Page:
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Las Vegas History - Fact and Myth

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Ever wondered how the Sin City came about through the years? In this article, I'll give a brief overview of the history of Las Vegas.

The city of Las Vegas was incorporated in 1911 -- those who moved there because of the railroads found it to be a barren place, hot and dusty and totally lacking in appeal. Leak Detection Las Vegas Nevertheless, in 1920, the first casino was opened on Fremont Street and a new industry was born in the Nevada desert.

Since that time, the city has been the center of real and alleged mob activity, illegal fun and games, and more speculation about what goes on there than any other city in the world.

The decade of the 1930's was pivotal in Las Vegas' development. During those Depression years, the government underwrote the building of Hoover Dam to the tune of $70 million. Las Vegas became a boomtown as a result, but it was a boomtown that wasn't expected to thrive after the dam's completion.

But, since gambling was legal in Las Vegas - and not in nearby Boulder City, where the dam workers lived - Vegas became the hot spot for workers looking for entertainment. The first real resort in Vegas, El Rancho Vegas, would look very humble by today's standards - it was a getaway that specialized in banquets and weddings, and it did not have gambling on the property.

The beginning of casinos as we know them today can be attributed to Meyer Lansky and Bugsy Siegel, a couple of mobsters who had worked a protection racket in New York City. Siegel was a would-be actor who hung out with the likes of Clark Gable and George Raft when he wasn't handling the Mob's gambling enterprises. Among other rackets, he imported narcotics from Mexico and built up a huge prostitution business in Las Vegas.

During the '40's and '50's, the downtown area grew rapidly, with gaming establishments such as Binion's and The Golden Nugget making Las Vegas a true destination city. Benny Binion, of Binion's Horseshoe fame, made great strides in creating the Las Vegas that we know today. Among other guest perks, he started serving free drinks to gamers and slot machine players, he had limousine service to and from the airport, and he often professed his belief in making ordinary vacationers feel like high rollers.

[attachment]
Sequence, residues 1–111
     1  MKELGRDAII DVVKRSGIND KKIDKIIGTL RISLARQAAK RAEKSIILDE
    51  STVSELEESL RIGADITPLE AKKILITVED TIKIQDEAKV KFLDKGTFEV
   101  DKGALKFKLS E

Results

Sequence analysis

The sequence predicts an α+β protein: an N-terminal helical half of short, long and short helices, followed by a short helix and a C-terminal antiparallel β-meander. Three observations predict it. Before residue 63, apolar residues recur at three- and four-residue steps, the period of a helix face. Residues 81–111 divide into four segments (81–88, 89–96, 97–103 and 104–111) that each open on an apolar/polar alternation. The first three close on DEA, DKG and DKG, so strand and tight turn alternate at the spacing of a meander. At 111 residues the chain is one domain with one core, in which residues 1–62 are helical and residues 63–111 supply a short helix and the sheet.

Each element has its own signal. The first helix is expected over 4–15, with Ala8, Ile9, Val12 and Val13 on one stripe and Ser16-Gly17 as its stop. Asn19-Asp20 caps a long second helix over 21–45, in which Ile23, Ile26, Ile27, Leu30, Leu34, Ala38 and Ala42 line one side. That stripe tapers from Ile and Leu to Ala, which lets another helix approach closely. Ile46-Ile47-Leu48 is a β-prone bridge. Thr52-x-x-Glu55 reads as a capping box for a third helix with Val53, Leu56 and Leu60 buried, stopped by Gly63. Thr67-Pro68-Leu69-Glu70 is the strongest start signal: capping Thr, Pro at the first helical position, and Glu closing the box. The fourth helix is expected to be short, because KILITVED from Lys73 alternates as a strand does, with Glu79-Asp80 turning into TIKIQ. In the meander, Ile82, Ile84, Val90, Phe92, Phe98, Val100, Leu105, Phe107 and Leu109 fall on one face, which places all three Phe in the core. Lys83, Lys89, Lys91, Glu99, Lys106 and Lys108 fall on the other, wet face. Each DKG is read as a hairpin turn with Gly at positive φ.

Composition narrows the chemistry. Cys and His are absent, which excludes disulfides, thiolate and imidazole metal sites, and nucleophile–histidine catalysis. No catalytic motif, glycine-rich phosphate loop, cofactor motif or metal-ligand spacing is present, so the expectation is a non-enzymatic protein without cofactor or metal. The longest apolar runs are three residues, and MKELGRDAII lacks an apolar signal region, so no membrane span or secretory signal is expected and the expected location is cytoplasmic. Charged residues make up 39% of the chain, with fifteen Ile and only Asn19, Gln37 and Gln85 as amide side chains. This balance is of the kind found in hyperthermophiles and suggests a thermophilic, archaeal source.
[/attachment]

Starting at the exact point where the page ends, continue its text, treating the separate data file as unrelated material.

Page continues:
Meanwhile, the federal government began to express concern about the Mob's links with gaming in the Nevada desert. Sen. Estes Kefauver held hearings in 1950 and 1951 to investigate those alleged connections. When the hearings were completed, a Gaming Control Board was set up to regulate (and legitimize) gaming.

Investors and developers in Las Vegas often had somewhat shady connections - they managed to gain a measure of respectability by donating to political and charitable causes. Eventually, they came to be considered good capitalists and community pillars, at least by Las Vegas' freewheeling standards.

Topless showgirl revues started at the Stardust and the Dunes, and lounge shows soon followed. By 1955, casinos were being built as fast as plans could be drawn up and financing secured.

But the real appeal of Las Vegas can be attributed to three men: Frank Sinatra, Elvis Presley and Howard Hughes. Sinatra and his Rat Pack played the Sands, Presley wowed crowds at the International (now the Las Vegas Hilton), and Hughes spent $300 million developing properties in Las Vegas until his death there as a recluse in the Desert Inn.

The Strip (Las Vegas Boulevard) became the place to build in the 1960's; by the 1980's, it was the only place. Millionaire businessmen like Steve Wynn replaced mobsters as the movers and shakers behind the scenes.


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Updated on December 03, 2022

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